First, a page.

There is an old adage: “you don’t know what you don’t know.” This is true for an entity signing a contract they did not draft. If an entity does not have a good idea of what is going on in the contract, then it is often difficult to know what to look for. Knowing the right questions to ask and the holes to look for is invaluable when looking at a contract written by an opposing party. An experienced attorney knows those questions and the holes to look for. Essentially, an attorney can help figure out “what you don’t know” and create a better agreement and position for your business.

An Individual Creating a Contract

When an individual is creating a contract, a review by an attorney is advisable as well. If you are looking to write a contract that you would like another to sign, you want to make sure you are protected and are getting what you are bargaining for. For example, it is a common practice in Utah to rent out the basement of a home. It is simple to find a lease agreement online, but to ensure that you are protected, and that every part of the contract applies to your situation, review by an attorney can make a big difference. A lease, for example, can decide a number of issues including liability for damage, ability for the tenant to alter the property, liability for wear and tear, and who gets the deposit when the tenant moves out. These issues are just the tip of the iceberg of what will need to be examined in a lease.

A lease is just one example of a contract that an individual might draft for another individual or company. There are a great number of contracts and a great number of issues in each of those contracts that could be found. It is difficult to anticipate all of these issues, but an attorney who deals with contracts every day, is a great asset when creating contracts.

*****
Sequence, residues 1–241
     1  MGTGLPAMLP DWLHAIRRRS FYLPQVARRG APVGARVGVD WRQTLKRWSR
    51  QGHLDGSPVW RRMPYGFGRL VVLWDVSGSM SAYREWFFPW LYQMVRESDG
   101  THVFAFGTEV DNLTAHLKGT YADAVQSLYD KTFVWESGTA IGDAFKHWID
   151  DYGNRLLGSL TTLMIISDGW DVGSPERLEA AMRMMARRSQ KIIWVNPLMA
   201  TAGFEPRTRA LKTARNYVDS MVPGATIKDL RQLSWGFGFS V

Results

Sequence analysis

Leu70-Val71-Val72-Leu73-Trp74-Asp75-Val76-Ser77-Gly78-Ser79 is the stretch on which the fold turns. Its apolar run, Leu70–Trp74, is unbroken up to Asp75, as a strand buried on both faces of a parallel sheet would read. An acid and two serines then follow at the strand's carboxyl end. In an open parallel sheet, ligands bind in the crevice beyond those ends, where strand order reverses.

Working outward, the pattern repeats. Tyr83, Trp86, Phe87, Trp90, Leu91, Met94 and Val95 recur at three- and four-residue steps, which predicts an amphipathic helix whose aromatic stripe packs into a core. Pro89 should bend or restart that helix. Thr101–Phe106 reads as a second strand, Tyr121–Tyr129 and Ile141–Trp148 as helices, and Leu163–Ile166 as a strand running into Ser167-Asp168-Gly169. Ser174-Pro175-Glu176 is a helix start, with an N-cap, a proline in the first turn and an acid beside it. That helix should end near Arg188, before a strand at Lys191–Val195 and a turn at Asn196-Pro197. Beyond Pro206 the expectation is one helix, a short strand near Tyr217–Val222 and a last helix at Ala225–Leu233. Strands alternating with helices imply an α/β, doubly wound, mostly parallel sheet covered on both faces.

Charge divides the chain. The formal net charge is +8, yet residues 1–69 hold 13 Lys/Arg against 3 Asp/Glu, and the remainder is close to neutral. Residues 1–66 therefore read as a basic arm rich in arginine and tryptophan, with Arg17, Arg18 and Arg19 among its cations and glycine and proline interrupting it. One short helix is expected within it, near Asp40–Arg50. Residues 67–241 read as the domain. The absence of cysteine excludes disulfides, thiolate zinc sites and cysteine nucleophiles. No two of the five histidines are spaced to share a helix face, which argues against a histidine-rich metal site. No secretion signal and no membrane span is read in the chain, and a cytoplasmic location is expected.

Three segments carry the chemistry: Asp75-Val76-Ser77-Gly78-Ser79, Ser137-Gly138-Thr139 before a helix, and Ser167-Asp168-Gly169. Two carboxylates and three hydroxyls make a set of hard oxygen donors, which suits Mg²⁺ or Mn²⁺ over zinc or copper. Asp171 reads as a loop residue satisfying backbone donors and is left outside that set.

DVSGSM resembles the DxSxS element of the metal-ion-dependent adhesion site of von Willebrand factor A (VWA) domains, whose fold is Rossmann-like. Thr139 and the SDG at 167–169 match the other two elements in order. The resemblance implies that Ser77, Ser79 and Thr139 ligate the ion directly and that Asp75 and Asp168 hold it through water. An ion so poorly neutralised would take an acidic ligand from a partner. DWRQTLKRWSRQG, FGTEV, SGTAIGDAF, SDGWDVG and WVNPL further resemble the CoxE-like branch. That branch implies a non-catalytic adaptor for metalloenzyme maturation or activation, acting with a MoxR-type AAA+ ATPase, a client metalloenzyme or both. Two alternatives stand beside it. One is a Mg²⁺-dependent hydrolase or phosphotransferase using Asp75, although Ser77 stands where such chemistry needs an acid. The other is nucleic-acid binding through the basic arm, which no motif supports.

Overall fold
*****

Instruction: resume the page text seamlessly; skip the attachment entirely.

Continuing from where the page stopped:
An Individual Signing a Contract

When an individual is signing a contract, it can seem easy to simply sign a name and move on with life, but there can be serious legal ramifications. While signing terms and conditions put out by a website or app on our phone is important to review personally, these do not need to be reviewed by an attorney. The types of contracts that should be reviewed by an attorney are the contracts that will place any sort of responsibility or liability on an individual. In the example of signing a non-compete or non-disclosure agreement with an employer, it is important to have this type of agreement reviewed by an attorney. Each state has different rules about non-competes. Utah, for example, has a rule that a non-compete cannot be longer than 1 year. This is one example of an issue that should be reviewed for when an individual is signing an agreement. Other such issues can be spotted, and an individual can be protected, with review by an attorney.

Whether you have written a contract or are being asked to sign one, having a lawyer review it will provide you with the best protection.

We Can Answer Questions Regarding Contract Review

If you have any questions about contract review or other legal issues surrounding starting a business, we can help. Please call our office at (801) 365-1030 and ask to speak with an attorney.